By Rev. Susan Holden, University United Methodist Church

University United Methodist Church, Las Vegas, is located near the Strip and across the street from the University of Nevada Las Vegas main campus. We have several regular attendees who live, work, and attend school in that area. Also, immediately following the news of the shootings at the Route 91 Festival, our church community began to check in with as many persons as we knew could be involved.

Among those we thought of were two out-of-state visitors who had joined us for worship earlier that day, on World Communion Sunday. We had learned that they were United Methodists and were in Las Vegas to attend the Route 91 Festival. That weekend they had felt a peculiarly strong nudge to take time out to attend worship, and they had found us. Regular guests are one of the unique blessings of University Church, as we routinely welcome visitors to Las Vegas in worship on Sundays and Wednesdays.

In the hours after the shooting, we were unable to contact them. So we continued to wonder and pray throughout the morning. During the afternoon, we received a call from our two guests, to let us know they were safe and asked if it would be all right if they came by to see us. We had already opened our sanctuary up to the community for prayer, music, and conversation, and of course, we welcomed our friends to come.

They arrived at the church, visibly shaken and unable to speak about the experience at all. However, over a period of several hours, sitting quietly in the sanctuary, they began to reach out to us and to slowly process out loud, telling their story and identifying feelings. We understood this was a beginning place for the healing process, and we felt the deep, affirming, and restoring Grace that works so miraculously through the connection. Later in the evening, our guests also expressed gratitude for the unmistakable sense of God’s presence with them. The nudge to attend worship on Sunday was by God’s grace. They had found grounding in prayer and in sharing the bread and cup, in unity with this local congregation and Christians all around the world. Gathering with strangers, now friends had provided nourishment that sustained them in their fear and distress, and it brought them back into the comforting fold of Grace where healing could begin.

There are numerous stories of parishioners who teach on campus, offering comfort and support to distraught students. One of our folks even took her therapy dog to her class, and instead of lecturing, she shared the gift of canine comfort and companionship with her students. UNLV staff set up beautiful processing spaces around campus and invited the University Church community to sit with students as they came throughout the day. Students shared their experiences, and we listened and affirmed. Many students were at the venue, or they had friends who were there, many hearing the sirens all night long as rescuers brought folks to get them out of harm’s way to the nearby Thomas and Mack Arena.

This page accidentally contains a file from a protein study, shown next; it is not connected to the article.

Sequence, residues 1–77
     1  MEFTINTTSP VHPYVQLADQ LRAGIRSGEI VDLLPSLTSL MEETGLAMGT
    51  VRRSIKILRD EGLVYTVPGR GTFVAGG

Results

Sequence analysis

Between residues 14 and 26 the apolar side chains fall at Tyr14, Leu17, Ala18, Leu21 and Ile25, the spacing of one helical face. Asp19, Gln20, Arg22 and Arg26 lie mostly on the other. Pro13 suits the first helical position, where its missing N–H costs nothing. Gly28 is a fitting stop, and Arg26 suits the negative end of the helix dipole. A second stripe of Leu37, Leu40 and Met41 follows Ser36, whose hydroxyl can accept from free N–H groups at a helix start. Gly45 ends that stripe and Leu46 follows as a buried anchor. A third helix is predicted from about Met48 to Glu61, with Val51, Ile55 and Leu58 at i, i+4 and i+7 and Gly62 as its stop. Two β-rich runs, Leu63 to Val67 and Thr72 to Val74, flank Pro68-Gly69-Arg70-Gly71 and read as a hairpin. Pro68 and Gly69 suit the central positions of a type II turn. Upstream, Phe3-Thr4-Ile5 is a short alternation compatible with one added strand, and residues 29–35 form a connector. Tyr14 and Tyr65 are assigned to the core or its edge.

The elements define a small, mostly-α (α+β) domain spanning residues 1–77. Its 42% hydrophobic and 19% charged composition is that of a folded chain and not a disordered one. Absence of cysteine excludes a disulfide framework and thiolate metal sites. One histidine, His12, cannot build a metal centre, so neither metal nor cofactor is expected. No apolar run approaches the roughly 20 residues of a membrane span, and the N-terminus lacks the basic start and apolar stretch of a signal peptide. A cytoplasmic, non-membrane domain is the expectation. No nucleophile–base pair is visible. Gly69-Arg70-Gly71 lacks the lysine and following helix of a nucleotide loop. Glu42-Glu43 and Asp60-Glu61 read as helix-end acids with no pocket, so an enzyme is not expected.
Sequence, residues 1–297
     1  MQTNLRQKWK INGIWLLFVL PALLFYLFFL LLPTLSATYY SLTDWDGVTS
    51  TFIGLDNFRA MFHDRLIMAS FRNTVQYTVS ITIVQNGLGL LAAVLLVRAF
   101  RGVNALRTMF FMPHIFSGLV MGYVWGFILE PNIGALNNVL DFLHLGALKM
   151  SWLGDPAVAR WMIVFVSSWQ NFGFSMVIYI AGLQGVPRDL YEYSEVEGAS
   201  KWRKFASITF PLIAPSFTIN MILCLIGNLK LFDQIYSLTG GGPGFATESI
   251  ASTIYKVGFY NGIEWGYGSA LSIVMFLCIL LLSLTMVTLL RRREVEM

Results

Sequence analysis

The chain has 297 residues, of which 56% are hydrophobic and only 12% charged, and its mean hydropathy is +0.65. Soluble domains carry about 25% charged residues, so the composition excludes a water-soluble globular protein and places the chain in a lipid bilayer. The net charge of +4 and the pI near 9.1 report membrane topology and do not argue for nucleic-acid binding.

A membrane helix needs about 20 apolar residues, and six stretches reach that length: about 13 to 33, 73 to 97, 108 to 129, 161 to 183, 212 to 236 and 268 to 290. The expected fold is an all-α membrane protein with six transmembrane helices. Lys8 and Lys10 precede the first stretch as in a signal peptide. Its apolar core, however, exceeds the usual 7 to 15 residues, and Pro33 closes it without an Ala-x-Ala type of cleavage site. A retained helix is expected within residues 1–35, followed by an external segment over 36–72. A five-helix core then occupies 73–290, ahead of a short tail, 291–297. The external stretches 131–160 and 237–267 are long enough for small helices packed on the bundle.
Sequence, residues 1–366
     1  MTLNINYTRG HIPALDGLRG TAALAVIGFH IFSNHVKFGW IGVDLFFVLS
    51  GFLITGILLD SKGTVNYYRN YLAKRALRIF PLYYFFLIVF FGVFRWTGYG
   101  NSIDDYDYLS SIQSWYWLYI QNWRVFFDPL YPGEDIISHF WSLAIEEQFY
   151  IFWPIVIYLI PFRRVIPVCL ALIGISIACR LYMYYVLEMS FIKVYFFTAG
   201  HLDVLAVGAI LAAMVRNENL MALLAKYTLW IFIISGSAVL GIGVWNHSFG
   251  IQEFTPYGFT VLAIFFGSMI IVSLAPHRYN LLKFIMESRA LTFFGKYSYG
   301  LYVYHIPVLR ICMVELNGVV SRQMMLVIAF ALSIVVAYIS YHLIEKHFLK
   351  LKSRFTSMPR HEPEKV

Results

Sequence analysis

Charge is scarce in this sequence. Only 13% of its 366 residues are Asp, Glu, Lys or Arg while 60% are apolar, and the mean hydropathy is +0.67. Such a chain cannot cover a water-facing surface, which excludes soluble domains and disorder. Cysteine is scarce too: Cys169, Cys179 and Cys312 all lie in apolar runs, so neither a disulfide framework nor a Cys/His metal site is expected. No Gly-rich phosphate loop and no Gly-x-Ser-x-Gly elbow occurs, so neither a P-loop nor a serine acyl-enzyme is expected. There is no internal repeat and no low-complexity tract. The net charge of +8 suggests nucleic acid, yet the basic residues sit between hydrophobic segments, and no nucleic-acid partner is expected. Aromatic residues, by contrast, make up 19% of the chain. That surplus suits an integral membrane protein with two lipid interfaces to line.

Students especially expressed a new appreciation for life, and for their family and friends, along with deep sorrow for those who were killed and injured. Walking on campus with United Methodist student, Dior DeSormeau, I asked if she also noticed that there was a heightened air of generosity and kindness on the campus during the week following this tragedy.

She agreed, stating, “since the shootings, I have noticed we all spend less time walking around with our phones in front of our faces. We seem to be looking out and thinking of the people around us. I think that is something good that’s come out of this tragedy. I hope it lasts.”

Dior also commented that she realized that a greeting that meant one thing on Sunday morning meant something much more significant on Monday morning.

“I realized that ‘Hello, It is so good to see you,’ on Monday morning was more than an obligatory gesture. When we said it this time, we looked each other in the eye, and we meant it!”’

There are more stories of Grace, but they are not mine to tell—like how friends of friends on Facebook, connected someone whose family member was critical, undergoing surgery, asking for prayer. Showing up to pray and sit with the family. Walking prayerfully down the hospital hallway, intentional to hold a tiny space of non-anxious presence, when the walls are lined three-people deep with patients and families waiting to receive care. Praying in the hospital parking lot with a worried father and uncle who happened to be waiting to take a daughter home to California, with a bullet still lodged in her back.

These are not my stories, but they are some of the stories shared by colleagues and friends in this community of faith—a city made holy by the Grace of God, through sharing simple gifts of presence. Like the bread and cup of Holy Communion, these gifts are blessed and multiplied in the community. Christ is made known, right here in the urban area of Las Vegas, where millions of visitors come and go every year, and thousands of students, staff, faculty, and families call home. LOVE really does overcome all evil.


Rev. Susan Holden is the Associate Pastor at University United Methodist Church and Campus Minister at UNLV, 4412 S. Maryland Parkway, Las Vegas, NV  89119. She can be reached by phone at 702.733.7155 (office) and 702.354.9317 (cell).

The church vision statement is: University United Methodist Church inspires multicultural unity, inclusivity, and faith by using our gifts and talents while serving our greater community.

Find out more at http://universityumc.org.

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Author: DSC Communications

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